• Winner of the British Psychological Society Book Award 2014

John Cromby is Senior Lecturer at Loughborough University, UK. Previously, he conducted research and teaching at the Universities of Nottingham and Bradford, and he has experience of working in mental health, drug addiction, and learning disability settings. His work engages with the ways that bodies and social processes come together to produce experience, including experiences of distress. In recent years this has meant exploring topics including paranoia, clinical sadness, emotion and fear of crime, and experimenting with methods of jointly analysing textual data and embodied activity. He is a former editor of the journal Subjectivity.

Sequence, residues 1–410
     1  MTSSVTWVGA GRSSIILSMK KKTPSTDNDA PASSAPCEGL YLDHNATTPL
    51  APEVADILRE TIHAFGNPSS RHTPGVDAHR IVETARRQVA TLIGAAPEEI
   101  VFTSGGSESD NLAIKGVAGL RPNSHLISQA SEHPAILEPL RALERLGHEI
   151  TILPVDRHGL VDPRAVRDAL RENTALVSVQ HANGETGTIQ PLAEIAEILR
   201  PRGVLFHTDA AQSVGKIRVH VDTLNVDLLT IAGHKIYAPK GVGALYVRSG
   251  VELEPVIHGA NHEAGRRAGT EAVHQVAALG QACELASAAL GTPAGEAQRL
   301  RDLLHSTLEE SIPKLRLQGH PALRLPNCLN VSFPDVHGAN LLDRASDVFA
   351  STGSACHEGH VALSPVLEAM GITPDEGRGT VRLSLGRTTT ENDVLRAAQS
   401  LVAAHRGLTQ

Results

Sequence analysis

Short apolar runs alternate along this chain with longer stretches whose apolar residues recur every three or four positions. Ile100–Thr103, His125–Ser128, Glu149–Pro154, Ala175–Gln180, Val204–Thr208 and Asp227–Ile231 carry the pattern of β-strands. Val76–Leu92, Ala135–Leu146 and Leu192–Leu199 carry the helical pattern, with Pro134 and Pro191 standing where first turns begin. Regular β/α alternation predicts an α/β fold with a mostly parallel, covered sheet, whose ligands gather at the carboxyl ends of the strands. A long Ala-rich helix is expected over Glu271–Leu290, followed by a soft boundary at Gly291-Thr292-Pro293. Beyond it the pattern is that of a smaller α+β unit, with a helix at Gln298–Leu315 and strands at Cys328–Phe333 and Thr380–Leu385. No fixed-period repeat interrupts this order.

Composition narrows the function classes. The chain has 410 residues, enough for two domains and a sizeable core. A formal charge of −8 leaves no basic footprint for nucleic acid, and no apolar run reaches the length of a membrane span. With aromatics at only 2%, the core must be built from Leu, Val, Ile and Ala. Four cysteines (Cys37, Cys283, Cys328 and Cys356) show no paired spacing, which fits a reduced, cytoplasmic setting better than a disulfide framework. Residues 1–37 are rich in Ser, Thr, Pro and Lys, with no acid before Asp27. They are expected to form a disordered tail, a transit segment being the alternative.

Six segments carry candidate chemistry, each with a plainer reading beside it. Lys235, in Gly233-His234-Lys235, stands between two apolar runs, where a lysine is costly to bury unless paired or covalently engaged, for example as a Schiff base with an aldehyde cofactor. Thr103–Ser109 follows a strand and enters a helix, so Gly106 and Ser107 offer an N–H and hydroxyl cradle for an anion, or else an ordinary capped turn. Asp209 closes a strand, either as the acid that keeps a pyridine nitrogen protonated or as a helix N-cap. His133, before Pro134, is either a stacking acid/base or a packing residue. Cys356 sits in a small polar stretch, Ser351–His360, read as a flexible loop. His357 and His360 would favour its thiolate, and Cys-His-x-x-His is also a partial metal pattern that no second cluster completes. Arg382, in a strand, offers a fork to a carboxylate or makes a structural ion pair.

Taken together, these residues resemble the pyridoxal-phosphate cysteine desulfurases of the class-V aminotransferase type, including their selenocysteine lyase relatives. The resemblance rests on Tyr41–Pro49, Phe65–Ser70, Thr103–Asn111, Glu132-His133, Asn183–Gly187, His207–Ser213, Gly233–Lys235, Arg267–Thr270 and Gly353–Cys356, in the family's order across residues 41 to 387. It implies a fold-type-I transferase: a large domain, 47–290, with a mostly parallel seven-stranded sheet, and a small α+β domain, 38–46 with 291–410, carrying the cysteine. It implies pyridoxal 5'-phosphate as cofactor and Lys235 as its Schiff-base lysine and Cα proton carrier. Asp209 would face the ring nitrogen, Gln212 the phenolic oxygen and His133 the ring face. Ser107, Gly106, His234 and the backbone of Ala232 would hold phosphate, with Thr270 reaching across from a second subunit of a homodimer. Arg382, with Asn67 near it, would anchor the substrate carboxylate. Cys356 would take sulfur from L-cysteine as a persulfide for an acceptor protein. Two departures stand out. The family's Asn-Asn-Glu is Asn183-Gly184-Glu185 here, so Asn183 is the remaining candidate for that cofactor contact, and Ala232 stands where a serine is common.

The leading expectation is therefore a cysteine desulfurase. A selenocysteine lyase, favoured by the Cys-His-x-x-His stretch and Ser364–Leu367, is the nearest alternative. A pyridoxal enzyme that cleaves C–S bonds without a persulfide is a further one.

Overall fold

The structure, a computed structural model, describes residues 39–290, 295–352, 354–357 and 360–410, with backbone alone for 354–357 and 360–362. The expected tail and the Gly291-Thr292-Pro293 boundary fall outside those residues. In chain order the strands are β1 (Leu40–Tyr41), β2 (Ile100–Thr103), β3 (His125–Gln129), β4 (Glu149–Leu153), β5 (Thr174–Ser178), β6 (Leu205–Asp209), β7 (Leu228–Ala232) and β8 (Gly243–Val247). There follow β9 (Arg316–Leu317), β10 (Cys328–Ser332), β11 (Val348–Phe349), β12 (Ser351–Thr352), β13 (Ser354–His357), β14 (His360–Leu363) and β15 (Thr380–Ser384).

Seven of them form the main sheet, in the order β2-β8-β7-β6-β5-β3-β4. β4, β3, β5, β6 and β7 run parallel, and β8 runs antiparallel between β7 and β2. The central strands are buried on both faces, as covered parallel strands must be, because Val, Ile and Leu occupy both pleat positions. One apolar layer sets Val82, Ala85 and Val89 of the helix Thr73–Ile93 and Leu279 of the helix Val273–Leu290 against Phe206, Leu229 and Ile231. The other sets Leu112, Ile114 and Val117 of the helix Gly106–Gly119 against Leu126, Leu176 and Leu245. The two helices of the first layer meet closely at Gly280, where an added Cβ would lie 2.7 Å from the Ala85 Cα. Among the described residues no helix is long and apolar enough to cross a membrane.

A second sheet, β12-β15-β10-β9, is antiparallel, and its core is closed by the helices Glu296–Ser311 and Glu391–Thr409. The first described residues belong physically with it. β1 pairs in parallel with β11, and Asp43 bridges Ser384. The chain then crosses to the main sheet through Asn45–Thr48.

David Harper is Reader in Clinical Psychology at the University of East London (UEL), UK. He trained as a clinical psychologist at the University of Liverpool and worked as a clinical psychologist in National Health Service mental health services in the north-west of the UK for nine years. For a number of years he combined work as a clinician with part-time study for a PhD at Manchester Metropolitan University. He has been at UEL since 2000 and his research interests are in applying critical psychology and social constructionist ideas to the understanding both of distress (particularly paranoia and unusual experiences and beliefs) and the work of mental health professions. He co-authored Deconstructing psychopathology (1995) and co-edited Qualitative research methods in mental health and psychotherapy: An introduction for students and practitioners (2012). He undertakes a small amount of clinical work as a Consultant Clinical Psychologist in Newham as part of the Systemic Consultation Service.